When Moshe Pinkasovits walks with his kids down the street on Saturdays in his new town, he has to watch out for drivers shouting anti-Semitic slurs.
The Pinkasovits family didn’t face this problem in the neighboring town of Monsey, a heavily haredi Orthodox enclave in New York state, near the New Jersey border.
But since the family moved six months ago to Airmont, a pastoral town next door, some residents have made it clear they don’t want religious Jews around.
Pinkasovits’ neighbor, another haredi newcomer, has had eggs thrown in his yard and found his mailbox bashed in. People have leaned out of car windows and shouted “f***ing Jew” at Pinkasovits or just shrieked.
“What did we do wrong by being here?” his children ask him.
But Pinkasovits isn’t leaving. Despite the abuse, he loves living in Airmont, “in my own house with my own backyard.” He hopes his non-Jewish neighbors will come to accept the new religious Jews in town.
And if they don’t? It’s only a matter of time before the Jews become a critical mass, Pinkasovits says.
“It’s going to die out,” Pinkasovits said of the anti-Semitism. “People are moving here because this is how we want to live.
Everyone, they’re all going to move out. Wherever you look down the street, you see ‘for sale’ signs hanging.
I don’t mind living between them, but I also don’t mind if they leave and I get more Jewish neighbors.”
Pinkasovits is part of a wave of haredi Orthodox Jews who have spread out from Monsey to the surrounding towns. The towns — green, quiet and spread out — offer the large families spacious homes at an affordable price.
Like Pinkasovits, haredi Jews who moved to the towns say they just want to live their lives in a nice place, just like their non-Jewish neighbors.
But the haredi influx has led to friction with longtime residents.
The battle has coalesced around the construction of an eruv — the artificial boundary that, according to Jewish law, allows Jews to push and carry objects outside their homes on the Sabbath and holy days.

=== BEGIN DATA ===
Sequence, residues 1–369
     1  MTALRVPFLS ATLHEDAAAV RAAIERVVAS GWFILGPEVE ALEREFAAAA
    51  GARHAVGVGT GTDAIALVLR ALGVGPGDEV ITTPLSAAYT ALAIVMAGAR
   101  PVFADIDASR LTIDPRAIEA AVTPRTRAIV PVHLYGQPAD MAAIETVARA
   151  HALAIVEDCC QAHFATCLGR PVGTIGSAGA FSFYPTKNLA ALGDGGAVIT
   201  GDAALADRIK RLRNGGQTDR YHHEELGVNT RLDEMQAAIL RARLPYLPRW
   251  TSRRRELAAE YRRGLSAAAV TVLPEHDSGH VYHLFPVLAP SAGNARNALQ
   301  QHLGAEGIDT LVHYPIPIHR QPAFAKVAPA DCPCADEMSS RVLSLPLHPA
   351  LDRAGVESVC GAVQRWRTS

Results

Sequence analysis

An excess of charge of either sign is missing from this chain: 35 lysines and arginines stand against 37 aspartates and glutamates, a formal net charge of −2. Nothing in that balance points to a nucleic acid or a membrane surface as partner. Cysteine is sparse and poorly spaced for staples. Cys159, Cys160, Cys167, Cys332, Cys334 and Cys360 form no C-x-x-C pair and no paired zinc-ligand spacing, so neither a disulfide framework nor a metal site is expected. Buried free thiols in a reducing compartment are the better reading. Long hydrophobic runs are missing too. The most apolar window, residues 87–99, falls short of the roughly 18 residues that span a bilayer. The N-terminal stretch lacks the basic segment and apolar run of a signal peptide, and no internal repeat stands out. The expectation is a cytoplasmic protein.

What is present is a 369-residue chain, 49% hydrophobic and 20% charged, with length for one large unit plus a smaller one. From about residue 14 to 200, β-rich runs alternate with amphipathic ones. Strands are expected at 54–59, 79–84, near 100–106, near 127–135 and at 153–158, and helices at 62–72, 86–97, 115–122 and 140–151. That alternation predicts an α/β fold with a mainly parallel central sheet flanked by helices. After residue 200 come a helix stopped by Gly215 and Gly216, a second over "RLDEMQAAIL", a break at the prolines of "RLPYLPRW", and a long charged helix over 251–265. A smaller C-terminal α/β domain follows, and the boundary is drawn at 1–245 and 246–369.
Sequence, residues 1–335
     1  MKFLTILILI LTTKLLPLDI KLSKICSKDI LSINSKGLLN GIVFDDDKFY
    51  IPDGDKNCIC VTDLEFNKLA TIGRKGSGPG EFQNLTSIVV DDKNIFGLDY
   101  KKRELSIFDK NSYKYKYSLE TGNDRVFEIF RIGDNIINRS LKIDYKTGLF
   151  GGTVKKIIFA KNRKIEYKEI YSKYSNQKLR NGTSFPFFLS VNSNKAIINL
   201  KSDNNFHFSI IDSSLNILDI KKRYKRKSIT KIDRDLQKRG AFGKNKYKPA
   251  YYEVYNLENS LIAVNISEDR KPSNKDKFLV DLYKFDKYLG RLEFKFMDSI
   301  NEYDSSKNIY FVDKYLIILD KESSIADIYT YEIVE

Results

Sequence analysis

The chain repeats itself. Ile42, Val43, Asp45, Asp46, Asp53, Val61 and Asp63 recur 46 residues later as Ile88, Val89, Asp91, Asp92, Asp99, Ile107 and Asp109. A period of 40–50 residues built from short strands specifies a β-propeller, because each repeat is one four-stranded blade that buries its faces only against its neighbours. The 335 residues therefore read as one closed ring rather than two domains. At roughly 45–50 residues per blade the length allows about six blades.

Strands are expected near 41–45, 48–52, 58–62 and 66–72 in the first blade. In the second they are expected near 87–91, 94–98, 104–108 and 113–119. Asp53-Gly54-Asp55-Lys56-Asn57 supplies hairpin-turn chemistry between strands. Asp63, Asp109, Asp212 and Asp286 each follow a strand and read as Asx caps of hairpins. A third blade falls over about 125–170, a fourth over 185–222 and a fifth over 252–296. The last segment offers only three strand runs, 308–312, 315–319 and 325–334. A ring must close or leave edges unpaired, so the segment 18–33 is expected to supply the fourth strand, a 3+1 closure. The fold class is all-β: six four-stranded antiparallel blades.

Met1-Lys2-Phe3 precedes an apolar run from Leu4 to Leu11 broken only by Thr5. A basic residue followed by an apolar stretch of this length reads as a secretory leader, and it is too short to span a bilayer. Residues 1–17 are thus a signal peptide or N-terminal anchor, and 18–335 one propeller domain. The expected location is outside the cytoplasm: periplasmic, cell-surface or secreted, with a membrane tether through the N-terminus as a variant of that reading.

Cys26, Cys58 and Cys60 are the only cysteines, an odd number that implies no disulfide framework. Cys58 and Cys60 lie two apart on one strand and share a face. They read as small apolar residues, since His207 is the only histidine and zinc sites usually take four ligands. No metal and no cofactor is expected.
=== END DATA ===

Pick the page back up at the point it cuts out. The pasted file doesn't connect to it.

The eruv crosses into New Jersey towns adjacent to Airmont in order to accommodate the growing religious community and, while extending only a couple blocks over the border, has led to raucous debates, vandalism and a lawsuit.
Residents of Mahwah, a New Jersey town southwest of Airmont, have complained that the eruv breaks town ordinances because supports that mark the boundary are attached to public utility polls.
Others have worried that a growing haredi population will mean a large group of residents who don’t support services like the public school system.
“I think people are reacting out of the unknown,” said Vince Crandon, a Mahwah resident who claims the eruv was erected illegally. “People will always say the worst when they are left without information.”
The Vaad HaEruv, or Eruv Association, expanded an eruv in the Monsey area around the beginning of July. Much of the eruv consists of existing telephone wires, but to make it kosher, the association had to install PVC pipes that reach from the bottom of the wire to the ground and are affixed to telephone poles.
The pipes, called “lechis,” act as posts for the eruv. The Eruv Association pays for their upkeep.
The Eruv Association says it obtained the necessary permits from the utility company that owns the telephone poles and installed the eruv under local police supervision.
But the Township of Mahwah claims the poles violate an ordinance that prohibits placing signs on the poles, and has threatened to issue summonses and demand that the poles be taken down.
On Aug. 11, the Eruv Association filed a lawsuit against Mahwah, with Pinkasovits as a plaintiff, claiming that the demand to take down the lechis violates residents’ civil rights.
The battle isn’t just legal. Mahwah residents, in addition to residents from the neighboring town of Upper Saddle River, have mobilized in opposition to the eruv and what — or who — it represents.
A petition opposing the eruv to “Protect the Quality of Our Community in Mahwah” has garnered 1,200 signatures.